Photo by Audrey Pavia
Every spring and summer there’s a battle with my hens; they want to make babies, but I want eggs for breakfast. As soon as they lay an egg, I take it away. They squawk in protest and sometimes peck my hand, but I always win. Then, they sit for days in the same spot where the egg once was, brooding and pretending it’s still there.
They aren’t stupid, and eventually start laying in places where the eggs can’t be easily seen. They know the nest boxes in the coop aren’t safe because I always take the eggs they put there. So they start getting creative and hiding under bushes or behind objects. If I notice a hen is missing, I hunt her down, thwarting her attempts to reproduce. But once in a while, the hiding spot is so good, I can’t find it.
Baby Jo is the result of one of these incidents. Her mother hid under the tack shed and hatched her. I never knew where the hen was hiding until she emerged one day with a chick at her side.
I’ve been thinking a lot lately about letting one of my hens have a chick or two since I’m down to only three hens. So when Baby Jo decided to “hide” behind a nest box in the coop, I decided to leave her there and let her hatch her eggs.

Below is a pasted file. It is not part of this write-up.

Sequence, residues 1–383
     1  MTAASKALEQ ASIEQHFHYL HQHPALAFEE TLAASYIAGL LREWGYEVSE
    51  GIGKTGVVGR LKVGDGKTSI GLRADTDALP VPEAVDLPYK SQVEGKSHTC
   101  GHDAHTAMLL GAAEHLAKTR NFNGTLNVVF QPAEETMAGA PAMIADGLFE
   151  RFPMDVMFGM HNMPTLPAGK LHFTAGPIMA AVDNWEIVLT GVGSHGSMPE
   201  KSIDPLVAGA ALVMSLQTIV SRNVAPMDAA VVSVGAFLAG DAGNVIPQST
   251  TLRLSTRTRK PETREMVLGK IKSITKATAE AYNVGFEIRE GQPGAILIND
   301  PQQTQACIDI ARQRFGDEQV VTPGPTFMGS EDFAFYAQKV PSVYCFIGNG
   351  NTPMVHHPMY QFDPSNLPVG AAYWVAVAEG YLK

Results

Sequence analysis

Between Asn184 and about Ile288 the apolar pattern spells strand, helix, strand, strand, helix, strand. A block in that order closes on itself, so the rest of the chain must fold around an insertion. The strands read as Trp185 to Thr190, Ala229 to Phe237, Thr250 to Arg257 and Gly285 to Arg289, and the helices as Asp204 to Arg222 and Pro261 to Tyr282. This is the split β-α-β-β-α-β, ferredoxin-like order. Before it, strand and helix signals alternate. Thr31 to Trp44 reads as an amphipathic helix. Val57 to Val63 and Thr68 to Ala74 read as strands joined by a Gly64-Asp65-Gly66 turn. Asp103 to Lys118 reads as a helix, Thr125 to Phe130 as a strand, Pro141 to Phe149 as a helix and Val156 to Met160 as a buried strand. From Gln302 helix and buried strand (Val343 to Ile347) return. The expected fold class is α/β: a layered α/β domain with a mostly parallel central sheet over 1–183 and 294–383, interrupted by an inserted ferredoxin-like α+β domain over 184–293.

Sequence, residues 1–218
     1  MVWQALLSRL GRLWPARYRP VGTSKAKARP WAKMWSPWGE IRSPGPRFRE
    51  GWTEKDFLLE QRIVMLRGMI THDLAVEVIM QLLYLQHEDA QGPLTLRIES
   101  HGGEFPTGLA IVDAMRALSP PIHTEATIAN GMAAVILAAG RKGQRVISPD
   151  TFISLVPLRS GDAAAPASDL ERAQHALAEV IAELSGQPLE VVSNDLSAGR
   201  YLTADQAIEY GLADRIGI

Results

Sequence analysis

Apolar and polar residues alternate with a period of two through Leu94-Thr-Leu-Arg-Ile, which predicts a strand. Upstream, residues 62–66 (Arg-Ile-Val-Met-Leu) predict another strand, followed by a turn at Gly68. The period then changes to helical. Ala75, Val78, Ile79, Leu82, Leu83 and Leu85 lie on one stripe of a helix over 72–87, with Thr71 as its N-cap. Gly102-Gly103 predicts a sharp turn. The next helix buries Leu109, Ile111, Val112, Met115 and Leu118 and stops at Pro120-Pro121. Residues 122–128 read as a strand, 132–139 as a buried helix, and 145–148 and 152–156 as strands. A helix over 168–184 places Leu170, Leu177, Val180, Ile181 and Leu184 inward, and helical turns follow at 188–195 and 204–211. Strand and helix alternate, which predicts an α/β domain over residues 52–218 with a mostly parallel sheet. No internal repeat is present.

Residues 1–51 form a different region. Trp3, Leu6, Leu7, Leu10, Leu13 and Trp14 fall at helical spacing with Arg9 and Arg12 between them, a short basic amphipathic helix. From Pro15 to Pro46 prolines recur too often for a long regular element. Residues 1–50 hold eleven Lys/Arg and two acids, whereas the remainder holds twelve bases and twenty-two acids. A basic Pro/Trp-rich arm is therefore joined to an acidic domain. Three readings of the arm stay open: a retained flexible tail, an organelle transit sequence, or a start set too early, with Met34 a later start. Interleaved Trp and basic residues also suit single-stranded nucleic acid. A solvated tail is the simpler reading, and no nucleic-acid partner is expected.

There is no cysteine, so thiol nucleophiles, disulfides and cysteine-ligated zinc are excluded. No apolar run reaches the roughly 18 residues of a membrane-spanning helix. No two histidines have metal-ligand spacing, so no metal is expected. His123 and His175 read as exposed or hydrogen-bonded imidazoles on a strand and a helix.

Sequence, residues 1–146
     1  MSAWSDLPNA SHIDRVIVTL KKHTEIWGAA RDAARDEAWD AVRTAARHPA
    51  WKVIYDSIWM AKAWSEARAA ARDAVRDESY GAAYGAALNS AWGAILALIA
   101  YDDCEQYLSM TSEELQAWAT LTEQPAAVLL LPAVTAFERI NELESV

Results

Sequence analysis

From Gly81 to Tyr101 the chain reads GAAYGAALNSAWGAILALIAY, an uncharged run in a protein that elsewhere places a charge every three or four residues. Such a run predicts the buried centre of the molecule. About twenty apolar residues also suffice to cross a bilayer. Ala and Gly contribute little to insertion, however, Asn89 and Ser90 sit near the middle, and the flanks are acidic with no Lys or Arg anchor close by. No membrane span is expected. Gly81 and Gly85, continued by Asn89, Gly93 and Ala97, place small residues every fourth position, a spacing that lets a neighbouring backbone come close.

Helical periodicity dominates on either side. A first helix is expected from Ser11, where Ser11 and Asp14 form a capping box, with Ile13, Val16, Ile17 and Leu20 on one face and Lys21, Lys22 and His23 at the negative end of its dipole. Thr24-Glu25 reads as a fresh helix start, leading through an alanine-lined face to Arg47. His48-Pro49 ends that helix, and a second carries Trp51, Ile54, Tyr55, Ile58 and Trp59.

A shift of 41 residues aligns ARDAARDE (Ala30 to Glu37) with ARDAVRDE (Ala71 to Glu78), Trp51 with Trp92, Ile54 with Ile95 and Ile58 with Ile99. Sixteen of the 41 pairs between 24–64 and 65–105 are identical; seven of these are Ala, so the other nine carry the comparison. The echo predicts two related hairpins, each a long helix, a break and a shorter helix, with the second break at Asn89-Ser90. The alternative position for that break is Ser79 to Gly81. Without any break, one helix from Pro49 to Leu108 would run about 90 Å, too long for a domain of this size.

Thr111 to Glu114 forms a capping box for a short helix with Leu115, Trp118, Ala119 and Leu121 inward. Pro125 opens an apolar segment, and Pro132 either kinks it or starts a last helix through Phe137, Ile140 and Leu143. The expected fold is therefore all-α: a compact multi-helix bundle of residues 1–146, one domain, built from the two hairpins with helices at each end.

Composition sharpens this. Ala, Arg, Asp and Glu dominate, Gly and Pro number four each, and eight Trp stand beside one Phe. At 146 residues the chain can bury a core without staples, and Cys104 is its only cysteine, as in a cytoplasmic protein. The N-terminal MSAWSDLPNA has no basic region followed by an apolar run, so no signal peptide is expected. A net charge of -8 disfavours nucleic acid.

However, I’m nervous about this for a few reasons. First, my roommates’ dogs. They don’t bother the adult chickens, but I worry they could hurt a chick. There is no real reason to think this, but I’m worried about it anyway.
Second, the issue of inbreeding concerns me. Baby Jo mated with her uncle. Will the babies come out with two heads? I’m worried about this, too.
Third, what if the chick or chicks are roosters? I already have two roosters. Only Mr. Mabel breeds, since he is the dominant rooster. But still — is it a good idea to add another male to this flock? Will they fight? What is going to happen?
Baby Jo only recently laid the eggs she is sitting on, so I still have time to decide whether this is really a good idea. I’ll be doing plenty of research on chicken breeding and multiple roosters over the next week or so. I want to be a responsible urban farmer, and will do whatever it takes to make sure I have it right.